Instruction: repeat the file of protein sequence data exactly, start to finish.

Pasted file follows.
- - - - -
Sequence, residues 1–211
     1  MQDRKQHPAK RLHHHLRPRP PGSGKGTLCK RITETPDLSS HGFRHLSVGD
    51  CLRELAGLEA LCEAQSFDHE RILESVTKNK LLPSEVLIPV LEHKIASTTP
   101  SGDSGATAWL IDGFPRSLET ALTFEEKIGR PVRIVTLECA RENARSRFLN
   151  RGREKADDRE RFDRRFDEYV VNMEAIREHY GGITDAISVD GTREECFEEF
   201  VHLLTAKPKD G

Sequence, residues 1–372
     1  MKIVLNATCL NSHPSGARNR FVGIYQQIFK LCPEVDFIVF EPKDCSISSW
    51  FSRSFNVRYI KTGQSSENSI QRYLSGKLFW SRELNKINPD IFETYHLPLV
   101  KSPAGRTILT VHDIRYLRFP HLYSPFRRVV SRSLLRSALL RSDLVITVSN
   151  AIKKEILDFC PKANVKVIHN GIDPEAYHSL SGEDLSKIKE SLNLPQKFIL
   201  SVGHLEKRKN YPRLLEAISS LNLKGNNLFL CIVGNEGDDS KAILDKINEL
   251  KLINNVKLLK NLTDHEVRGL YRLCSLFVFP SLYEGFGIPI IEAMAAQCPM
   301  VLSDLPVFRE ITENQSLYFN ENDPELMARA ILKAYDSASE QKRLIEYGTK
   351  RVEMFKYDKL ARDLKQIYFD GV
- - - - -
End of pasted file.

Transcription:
Sequence, residues 1–211
     1  MQDRKQHPAK RLHHHLRPRP PGSGKGTLCK RITETPDLSS HGFRHLSVGD
    51  CLRELAGLEA LCEAQSFDHE RILESVTKNK LLPSEVLIPV LEHKIASTTP
   101  SGDSGATAWL IDGFPRSLET ALTFEEKIGR PVRIVTLECA RENARSRFLN
   151  RGREKADDRE RFDRRFDEYV VNMEAIREHY GGITDAISVD GTREECFEEF
   201  VHLLTAKPKD G

Sequence, residues 1–372
     1  MKIVLNATCL NSHPSGARNR FVGIYQQIFK LCPEVDFIVF EPKDCSISSW
    51  FSRSFNVRYI KTGQSSENSI QRYLSGKLFW SRELNKINPD IFETYHLPLV
   101  KSPAGRTILT VHDIRYLRFP HLYSPFRRVV SRSLLRSALL RSDLVITVSN
   151  AIKKEILDFC PKANVKVIHN GIDPEAYHSL SGEDLSKIKE SLNLPQKFIL
   201  SVGHLEKRKN YPRLLEAISS LNLKGNNLFL CIVGNEGDDS KAILDKINEL
   251  KLINNVKLLK NLTDHEVRGL YRLCSLFVFP SLYEGFGIPI IEAMAAQCPM
   301  VLSDLPVFRE ITENQSLYFN ENDPELMARA ILKAYDSASE QKRLIEYGTK
   351  RVEMFKYDKL ARDLKQIYFD GV